On this video tutorial, Aaron Nace from Phlearn explains the different blending modes in Photoshop and when and how to use each of them.
Photoshop has no less than 27 blending modes and each has its own particular use or benefit in certain situations.
The most basic blend mode is Normal and it is the first of the first group of blend modes in Photoshop (there are 6 groups). Of course, the simple way is just to move between blend modes (after you have a picture with to layers one on top of another). But this takes time and if you want to do something specific it is much better to know in advance what blend mode to use.
So let’s go over the groups one by one. The first groups include normal and dissolve (which is one of the least used blend modes in Photoshop – see here for more info). In the second groups we have darken, multiply, linear burn and darker color – these make the bright areas invisible and the dark areas visible.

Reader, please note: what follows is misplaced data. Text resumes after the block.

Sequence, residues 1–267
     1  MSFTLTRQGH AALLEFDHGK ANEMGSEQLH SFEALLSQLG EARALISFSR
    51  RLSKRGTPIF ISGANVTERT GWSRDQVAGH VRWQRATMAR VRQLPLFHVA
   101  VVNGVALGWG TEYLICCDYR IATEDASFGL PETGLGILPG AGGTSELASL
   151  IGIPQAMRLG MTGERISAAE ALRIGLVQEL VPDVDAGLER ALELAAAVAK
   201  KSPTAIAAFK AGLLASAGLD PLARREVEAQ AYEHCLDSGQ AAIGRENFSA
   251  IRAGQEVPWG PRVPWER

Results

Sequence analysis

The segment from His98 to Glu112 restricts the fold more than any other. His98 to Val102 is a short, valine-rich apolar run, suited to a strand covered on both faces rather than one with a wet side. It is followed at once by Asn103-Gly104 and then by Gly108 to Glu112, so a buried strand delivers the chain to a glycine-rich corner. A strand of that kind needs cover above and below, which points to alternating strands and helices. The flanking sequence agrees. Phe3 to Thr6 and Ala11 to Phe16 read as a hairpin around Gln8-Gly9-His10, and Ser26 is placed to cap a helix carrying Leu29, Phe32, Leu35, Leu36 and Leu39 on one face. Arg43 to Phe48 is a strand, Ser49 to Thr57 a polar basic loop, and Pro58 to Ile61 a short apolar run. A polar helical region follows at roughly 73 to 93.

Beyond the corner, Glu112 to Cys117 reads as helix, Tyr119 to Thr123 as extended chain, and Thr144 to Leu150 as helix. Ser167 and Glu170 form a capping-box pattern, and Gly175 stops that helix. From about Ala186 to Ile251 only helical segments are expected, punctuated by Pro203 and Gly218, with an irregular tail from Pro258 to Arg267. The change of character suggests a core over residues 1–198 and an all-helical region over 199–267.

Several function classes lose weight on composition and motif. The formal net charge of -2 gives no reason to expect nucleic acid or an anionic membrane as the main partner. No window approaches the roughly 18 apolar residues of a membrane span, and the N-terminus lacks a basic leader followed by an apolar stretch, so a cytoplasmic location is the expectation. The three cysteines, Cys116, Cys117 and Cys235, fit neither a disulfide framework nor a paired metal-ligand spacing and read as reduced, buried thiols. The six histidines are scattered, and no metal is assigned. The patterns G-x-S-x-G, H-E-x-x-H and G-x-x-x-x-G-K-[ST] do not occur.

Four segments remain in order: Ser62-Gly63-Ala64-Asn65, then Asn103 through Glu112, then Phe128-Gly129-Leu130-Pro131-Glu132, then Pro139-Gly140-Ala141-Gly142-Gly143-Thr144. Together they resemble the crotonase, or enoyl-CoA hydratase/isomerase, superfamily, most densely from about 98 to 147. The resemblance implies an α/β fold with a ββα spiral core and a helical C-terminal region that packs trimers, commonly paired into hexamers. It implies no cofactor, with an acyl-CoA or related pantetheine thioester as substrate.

In the next group, you will find the opposite with lighten, screen, color dodge, linear dodge, and lighter color. These make the black areas invisible and the light areas visible. Nace suggests that he typically uses only the first two of the two groups we mentioned although you can use any of them and if they are too strong you can reduce the opacity to reduce the “power of the effect.
On the forth group you can find overlay, soft light, hard light, vivid light, linear light, pin light and finally hard mix. The first two (again) are possibly the most useful and they will take the color and blend it with the rest of the image at different levels (the first two will do this the least).
The fifth group is used more for special effects and it includes differences, exclusion, subtract and divide. These can create some crazy color effects but they are not very common (unless you are trying to shoot more psychedelic images).
The sixth and last group includes hue, saturation, color, and luminosity and it can be quite useful. The hue gives everything the color of the top layer, the saturation takes all the colors and bringing up the saturation, the color blend mode is similar to colorize and luminosity shows the differences between hue and saturation.
Now you don’t really have to memorize all of these, you can play with the just so you know what each of them can do and of course, see a preview when you are actually working on an image.